A Confession of Confused Values
Posted by peggyburns
Legendary Oklahoma weathercaster Gary England was the subject of an article in the August 11, 2013 issue of New York Times magazine. The author of the article, after spending three days in Gary’s studio, noted that “One tension of covering severe weather is that you often find yourself rooting for the storm. You don’t want it to do serious damage, of course, but you would like it to be interesting, and these desires are often at cross-purposes.”
When I read that line, it reminded me of how I feel when I read a serious case of sexual harassment etc. As recently as July 6, I ranted about “repeat performances” on this blog. As I said then, I’m sometimes so glad to have an interesting story to use as a training tool, that it can seem like I’m rooting for the “wrong side” – the tornado, if you will. Today – as in July – I’ve been reminded once again that my ability to de-personalize the subject of an awful case is an unconscious intellectual tool that allows me to see value in tragedy rather than to face my real despair that, “Here we go again.” In “Repeat Performances: A Rant,” I wrote “And don’t even get me started on bullying and harassment.”
Well, something got me started on bullying and harassment, I’m afraid, in the course of writing articles for the September issue of Legal Routes. I quoted from the August 20, 2013 “Dear Colleague Letter issued by the Office for Special Education Rehabilitative Services (OSERS) about bullying involving students with disabilities: “Bullying is no longer dismissed as an ordinary part of growing up, and every effort should be made to structure environments and provide supports to students and staff so that bullying does not occur.” Wow – isn’t that great? In the same issue, in different articles, I wrote about application of the “Stand Your Ground Law” to a bullying situation on a Florida school bus, as well as the decision by a Florida prosecutor not to press charges against a school bus driver who followed directions in choosing not to intervene directly in a horrible student fight on another bus. Wonderful – a possible legal defense, and an escape from criminal liability – hurrah!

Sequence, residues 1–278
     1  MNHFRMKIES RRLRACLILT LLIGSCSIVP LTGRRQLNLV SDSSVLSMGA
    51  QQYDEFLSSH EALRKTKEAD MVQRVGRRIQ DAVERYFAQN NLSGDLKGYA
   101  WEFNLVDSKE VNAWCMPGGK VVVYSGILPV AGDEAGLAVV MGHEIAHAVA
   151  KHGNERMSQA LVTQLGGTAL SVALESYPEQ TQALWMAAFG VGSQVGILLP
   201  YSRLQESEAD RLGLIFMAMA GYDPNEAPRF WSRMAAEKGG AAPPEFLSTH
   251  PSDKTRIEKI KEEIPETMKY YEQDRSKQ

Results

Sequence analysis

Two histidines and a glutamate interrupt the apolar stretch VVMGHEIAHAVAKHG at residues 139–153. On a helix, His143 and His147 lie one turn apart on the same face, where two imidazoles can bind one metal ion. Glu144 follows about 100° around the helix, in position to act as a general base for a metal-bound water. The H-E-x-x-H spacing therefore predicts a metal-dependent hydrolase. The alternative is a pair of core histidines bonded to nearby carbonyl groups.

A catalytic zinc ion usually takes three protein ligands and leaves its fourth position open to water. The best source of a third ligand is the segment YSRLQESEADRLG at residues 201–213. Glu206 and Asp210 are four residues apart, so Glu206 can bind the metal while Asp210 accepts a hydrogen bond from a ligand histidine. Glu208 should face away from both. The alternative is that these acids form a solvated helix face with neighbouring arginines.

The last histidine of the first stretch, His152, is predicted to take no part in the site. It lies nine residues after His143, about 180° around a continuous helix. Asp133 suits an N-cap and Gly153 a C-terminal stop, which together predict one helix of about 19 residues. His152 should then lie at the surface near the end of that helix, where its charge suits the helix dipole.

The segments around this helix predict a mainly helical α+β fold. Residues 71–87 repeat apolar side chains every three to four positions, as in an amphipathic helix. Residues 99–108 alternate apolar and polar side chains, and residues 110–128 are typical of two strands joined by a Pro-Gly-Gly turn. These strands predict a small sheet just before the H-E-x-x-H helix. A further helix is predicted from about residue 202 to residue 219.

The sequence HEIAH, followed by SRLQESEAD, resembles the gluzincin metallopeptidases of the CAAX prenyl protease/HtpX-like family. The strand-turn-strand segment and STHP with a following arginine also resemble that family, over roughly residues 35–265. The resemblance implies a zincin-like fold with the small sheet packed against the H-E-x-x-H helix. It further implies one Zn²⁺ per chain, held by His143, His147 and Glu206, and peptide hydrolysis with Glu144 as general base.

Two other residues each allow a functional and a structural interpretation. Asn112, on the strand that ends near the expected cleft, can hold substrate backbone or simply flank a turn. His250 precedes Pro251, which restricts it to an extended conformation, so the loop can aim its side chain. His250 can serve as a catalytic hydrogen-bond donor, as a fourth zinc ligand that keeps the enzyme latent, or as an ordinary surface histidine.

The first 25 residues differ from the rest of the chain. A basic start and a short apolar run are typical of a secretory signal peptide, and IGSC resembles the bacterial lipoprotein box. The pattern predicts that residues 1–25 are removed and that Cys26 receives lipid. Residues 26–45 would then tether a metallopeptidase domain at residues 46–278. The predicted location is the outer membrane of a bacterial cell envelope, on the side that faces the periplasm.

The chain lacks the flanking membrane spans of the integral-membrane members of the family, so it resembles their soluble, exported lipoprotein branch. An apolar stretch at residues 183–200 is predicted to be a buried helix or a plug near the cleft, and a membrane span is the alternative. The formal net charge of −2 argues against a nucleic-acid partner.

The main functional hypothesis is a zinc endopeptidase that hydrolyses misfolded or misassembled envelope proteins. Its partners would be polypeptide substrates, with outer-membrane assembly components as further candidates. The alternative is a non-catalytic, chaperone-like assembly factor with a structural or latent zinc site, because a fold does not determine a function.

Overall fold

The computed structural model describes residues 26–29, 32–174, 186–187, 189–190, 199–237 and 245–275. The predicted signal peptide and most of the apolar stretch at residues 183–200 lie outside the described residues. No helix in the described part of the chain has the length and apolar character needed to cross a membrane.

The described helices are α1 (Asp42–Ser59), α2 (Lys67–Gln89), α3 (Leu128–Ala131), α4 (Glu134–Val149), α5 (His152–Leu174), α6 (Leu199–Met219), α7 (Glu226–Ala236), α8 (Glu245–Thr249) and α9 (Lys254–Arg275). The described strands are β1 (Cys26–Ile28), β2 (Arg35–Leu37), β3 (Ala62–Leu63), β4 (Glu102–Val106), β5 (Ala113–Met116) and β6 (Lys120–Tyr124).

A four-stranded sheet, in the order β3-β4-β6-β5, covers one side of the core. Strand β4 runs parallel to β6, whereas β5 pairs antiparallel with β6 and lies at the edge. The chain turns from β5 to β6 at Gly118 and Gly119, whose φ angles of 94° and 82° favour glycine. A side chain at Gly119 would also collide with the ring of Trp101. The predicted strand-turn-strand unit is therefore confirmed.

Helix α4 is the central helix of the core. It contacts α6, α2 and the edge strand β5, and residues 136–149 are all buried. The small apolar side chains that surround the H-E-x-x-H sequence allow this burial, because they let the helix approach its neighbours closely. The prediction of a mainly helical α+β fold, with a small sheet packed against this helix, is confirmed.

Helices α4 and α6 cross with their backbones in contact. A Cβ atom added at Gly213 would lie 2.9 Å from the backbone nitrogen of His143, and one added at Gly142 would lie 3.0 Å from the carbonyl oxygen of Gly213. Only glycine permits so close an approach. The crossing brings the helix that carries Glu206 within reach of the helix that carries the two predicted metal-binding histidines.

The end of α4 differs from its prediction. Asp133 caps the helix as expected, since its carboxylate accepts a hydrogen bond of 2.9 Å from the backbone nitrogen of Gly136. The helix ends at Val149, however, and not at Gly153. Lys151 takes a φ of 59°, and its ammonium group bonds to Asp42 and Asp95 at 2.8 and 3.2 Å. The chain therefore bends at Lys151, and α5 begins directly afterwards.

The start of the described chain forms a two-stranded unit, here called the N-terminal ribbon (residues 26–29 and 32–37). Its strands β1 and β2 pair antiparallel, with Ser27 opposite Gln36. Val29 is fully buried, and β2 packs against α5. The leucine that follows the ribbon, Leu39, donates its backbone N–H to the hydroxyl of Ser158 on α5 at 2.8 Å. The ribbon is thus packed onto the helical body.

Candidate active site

Well, my sarcasm is indicative of my utter disgust. Isn’t it grand that “bullying is no longer dismissed as an ordinary part of growing up?” Doesn’t that sentence convey recognition that so many of us share that bullying has always been around? Why can’t we eradicate it, like polio or small pox? I’m tired of lurid examples which make for colorful training programs. I’m sick to death of suggestions for strategies to prevent it. I just want it to stop. I imagine weather caster Gary England would just like severe weather to stop too.
But it wasn’t England’s story that served to turn my head around even while writing some of the smart-aleck remarks above. Until I re-read the excellent comments to my “Repeat Performances: A Rant” blog after Pete reminded me about that posting, I saw little we – or I – could do. I could only continue to ignore my never-really-confused values, in a fog of intellectual insulation and talk about legal implications of the examples I used in in-services.
But the three of you who commented on the “Repeat Performances” post have reminded me that we must look to ourselves for solutions. As Garry Puetz said, “We need to develop a culture of continuous learning and improvement in pupil transportation, one where our purpose is embraced by our team members as noble and important. Our purpose? 100% of our students, protected 100% of the time.” Garry went on to encourage partnering with administrators, motorists, law enforcement, parents, drivers and students. Darrel Christie stressed the need for “Communication between all parties involved.” And Diane Turner urged us to begin with ourselves, “the transportation professionals, managers, dispatchers, instructors and drivers. . .We need to start teaching our professionals that they must, MUST, examine their own attitudes, ideals, and actions.” I encourage you all to read these comments in their entirety, and to give them a lot of thought.
Here’s what those comments did for me: I began writing this post simply discouraged and frustrated. I’m ending it with a sense that I need to repurpose my training stories. I’m going to start thinking more and more about how communication and attitude change – initiated by our own people – could have prevented some of the tragedies I read about. After all, in the 41 years that Gary England was chief meteorologist at Channel 9 in Oklahoma City (he retired from his position this summer) he never did stop tornadoes, but he saved a lot of lives. As one person said, “He was the voice of safety in my childhood.” And here’s what I know about you: You can be the start of the solution. So can I. Enough discouragement and grousing!